Title: War Dogs
Describe This Movie In One Simpsons Quote:
Bart: There are no "good" wars, with the following exceptions: The American Revolution, World War II and the Star Wars trilogy.
Rating Using Random Objects Relevant To The Film: Two and a half copies of the Doors' Morrison Hotel out of five.
Brief Plot Synopsis: Bros before international arms conventions.
Tagline: "Money, corruption and the American dream."
Better Tagline: "I'm shocked, shocked, to find war profiteering going on here."
Not So Brief Plot Synopsis: Nineteen-year-old David Packouz (Miles Teller) isn't enjoying life much as a Miami massage therapist, driving a beater to clients' houses and parking next to their luxury autos. So it's a happy coincidence when he runs into childhood buddy Efraim Diveroli (Jonah Hill) at a funeral. Diveroli is doing pretty well for himself as a low-level supplier for the U.S. military, trolling federal websites for contracts unnoticed by the bigger fish. As luck (and backlash against no-bid contracts) would have it, American military actions in Afghanistan and Iraq mean potential windfalls, and Diveroli is looking for a partner.
"Critical" Analysis: War Dogs is difficult to categorize. It's a comedy about two wholly unqualified people procuring armaments for the U.S. military. Armaments, when used, generally end up killing people, which isn't really humorous. In that sense, it's a black comedy, but in order to make that work, director Todd Phillips would have to give us some sense of the repercussions of the characters' actions. He doesn't really succeed, but more on that later.
Admittedly, there are some funny moments. The movie's based on a true story (loosely: The notorious drive through the "Triangle of Death" never actually happened), which helps amplify the absurdity. Phillips also has a gift for taking locations traditionally considered unsightly (southern Iraq, Albania) and making them look occasionally exotic, if not entirely hospitable. But then, Phillips has also been good at glamorizing the unglamorous (see also Las Vegas).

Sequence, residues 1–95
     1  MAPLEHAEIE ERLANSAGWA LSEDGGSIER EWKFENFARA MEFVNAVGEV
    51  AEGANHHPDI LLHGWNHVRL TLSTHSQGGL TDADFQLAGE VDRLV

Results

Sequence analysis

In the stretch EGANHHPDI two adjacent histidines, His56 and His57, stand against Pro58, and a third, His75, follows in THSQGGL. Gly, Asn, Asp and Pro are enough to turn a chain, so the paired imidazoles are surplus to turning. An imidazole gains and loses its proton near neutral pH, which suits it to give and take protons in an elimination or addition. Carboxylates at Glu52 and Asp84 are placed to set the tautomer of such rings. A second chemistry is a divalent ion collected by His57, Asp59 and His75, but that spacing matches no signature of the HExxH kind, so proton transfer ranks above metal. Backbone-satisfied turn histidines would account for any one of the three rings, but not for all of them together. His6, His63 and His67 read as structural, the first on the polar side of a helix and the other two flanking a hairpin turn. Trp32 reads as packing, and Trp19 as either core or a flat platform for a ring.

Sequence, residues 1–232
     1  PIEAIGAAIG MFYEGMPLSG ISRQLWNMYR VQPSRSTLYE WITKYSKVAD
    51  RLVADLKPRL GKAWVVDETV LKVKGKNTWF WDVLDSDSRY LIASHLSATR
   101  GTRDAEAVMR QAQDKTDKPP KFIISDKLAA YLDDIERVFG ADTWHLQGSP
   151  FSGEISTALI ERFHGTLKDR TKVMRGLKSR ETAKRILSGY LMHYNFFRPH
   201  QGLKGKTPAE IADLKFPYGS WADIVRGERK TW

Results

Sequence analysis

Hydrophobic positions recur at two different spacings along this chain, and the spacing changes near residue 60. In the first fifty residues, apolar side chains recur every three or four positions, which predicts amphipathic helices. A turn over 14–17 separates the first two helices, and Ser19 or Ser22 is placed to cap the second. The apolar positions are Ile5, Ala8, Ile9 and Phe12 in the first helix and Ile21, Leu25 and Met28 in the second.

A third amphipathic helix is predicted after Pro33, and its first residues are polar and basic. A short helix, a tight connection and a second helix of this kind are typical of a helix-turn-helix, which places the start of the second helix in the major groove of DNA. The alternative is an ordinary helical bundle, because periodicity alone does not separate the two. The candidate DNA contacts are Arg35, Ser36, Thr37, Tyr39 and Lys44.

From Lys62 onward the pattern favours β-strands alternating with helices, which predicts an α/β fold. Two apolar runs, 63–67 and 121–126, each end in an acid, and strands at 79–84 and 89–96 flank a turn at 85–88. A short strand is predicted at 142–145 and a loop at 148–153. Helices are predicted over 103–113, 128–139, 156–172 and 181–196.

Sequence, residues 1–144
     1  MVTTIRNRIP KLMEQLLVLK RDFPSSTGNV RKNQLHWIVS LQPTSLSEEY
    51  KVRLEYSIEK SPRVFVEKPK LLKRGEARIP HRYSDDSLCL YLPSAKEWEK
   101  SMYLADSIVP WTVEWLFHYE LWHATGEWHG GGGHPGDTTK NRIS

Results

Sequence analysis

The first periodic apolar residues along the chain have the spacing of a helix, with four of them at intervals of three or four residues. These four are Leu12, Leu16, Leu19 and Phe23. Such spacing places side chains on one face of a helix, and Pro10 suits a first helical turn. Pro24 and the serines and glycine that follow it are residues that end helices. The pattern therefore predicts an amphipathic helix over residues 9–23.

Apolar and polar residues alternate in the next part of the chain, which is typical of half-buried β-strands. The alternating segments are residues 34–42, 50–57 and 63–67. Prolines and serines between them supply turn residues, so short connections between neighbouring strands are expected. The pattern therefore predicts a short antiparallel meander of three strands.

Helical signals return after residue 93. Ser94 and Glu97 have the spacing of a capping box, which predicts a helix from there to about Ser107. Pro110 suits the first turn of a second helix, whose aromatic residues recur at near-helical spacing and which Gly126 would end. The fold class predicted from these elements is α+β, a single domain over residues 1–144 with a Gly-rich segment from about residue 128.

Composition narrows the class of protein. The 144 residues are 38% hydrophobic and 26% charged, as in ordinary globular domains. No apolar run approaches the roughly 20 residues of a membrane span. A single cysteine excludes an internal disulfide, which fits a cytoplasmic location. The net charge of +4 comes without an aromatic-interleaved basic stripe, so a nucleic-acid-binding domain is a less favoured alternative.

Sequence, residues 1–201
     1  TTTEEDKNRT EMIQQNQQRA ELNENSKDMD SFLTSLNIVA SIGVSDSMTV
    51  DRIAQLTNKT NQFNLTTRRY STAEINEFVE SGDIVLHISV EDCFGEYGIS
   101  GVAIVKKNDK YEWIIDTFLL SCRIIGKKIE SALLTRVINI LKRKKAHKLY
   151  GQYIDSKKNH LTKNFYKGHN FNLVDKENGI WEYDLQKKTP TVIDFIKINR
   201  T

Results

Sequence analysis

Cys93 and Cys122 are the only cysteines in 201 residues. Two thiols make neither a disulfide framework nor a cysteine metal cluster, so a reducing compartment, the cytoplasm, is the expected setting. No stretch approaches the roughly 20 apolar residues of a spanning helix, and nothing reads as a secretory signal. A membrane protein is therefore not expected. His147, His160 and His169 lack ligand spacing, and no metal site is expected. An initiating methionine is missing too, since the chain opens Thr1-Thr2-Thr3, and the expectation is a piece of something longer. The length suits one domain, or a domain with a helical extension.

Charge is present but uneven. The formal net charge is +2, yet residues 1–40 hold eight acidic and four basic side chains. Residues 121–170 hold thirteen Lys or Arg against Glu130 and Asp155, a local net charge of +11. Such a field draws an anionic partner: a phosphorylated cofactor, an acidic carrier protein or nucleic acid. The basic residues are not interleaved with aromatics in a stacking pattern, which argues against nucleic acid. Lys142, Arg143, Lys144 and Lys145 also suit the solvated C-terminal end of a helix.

Turns out it's necessary to pull these tricks out in order to distract you from how unpleasant Packouz and Diveroli really are. Packouz is bad enough, constantly lying to the wife he insists he loves (Ana de Armas) and only growing a spine when his own life is threatened by a sinister arms dealer (played with what passes for sinister by Bradley Cooper). It doesn't hurt that Teller is eminently unsympathetic, and not just because he helped ruin the latest Fantastic Four.
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But it's Hill who really ensnares us with his loathsomeness. Never one known for his range, Hill doesn't so much stretch to meet Diveroli's character requirements as he does briefly stand on his tiptoes, thespianly speaking. Credit where it's due, in Diveroli, Hill has finally sprinkled one of his trademark obnoxious jackass characters with a little actual evil, and it's the eventual bringing forth of the arms dealer's dark side that gives War Dogs what little resonance it has.
Because it isn't in the message, which — in case the title card shout-outs to Dick Cheney didn't make it clear — doesn't go much beyond "war is bad, and the people behind it are often corrupt." This won't come as news to most of you, but for anyone who hasn't spent the better part of the past decade making comedies about thirtysomething man-children constantly sabotaging their own lives, it's fairly old hat.
And for all intents and purposes, War Dogs really is Hangover IV: The Bush-Cheney Years. Those aforementioned aesthetics that are apparent throughout the film don't really jibe with the intermittent moralizing. If Phillips is trying to make it look like Packouz and Diveroli finally got what was coming to them (spoiler: the former gets seven months' house arrest, the latter four years in prison), it kind of gets lost in the number of scenes where scantily clad women are in the background for no apparent reason.
Still, we don't want to fault him too much. War Dogs at least tries to tell a story; it's just too bad that story is too busy high-fiving itself.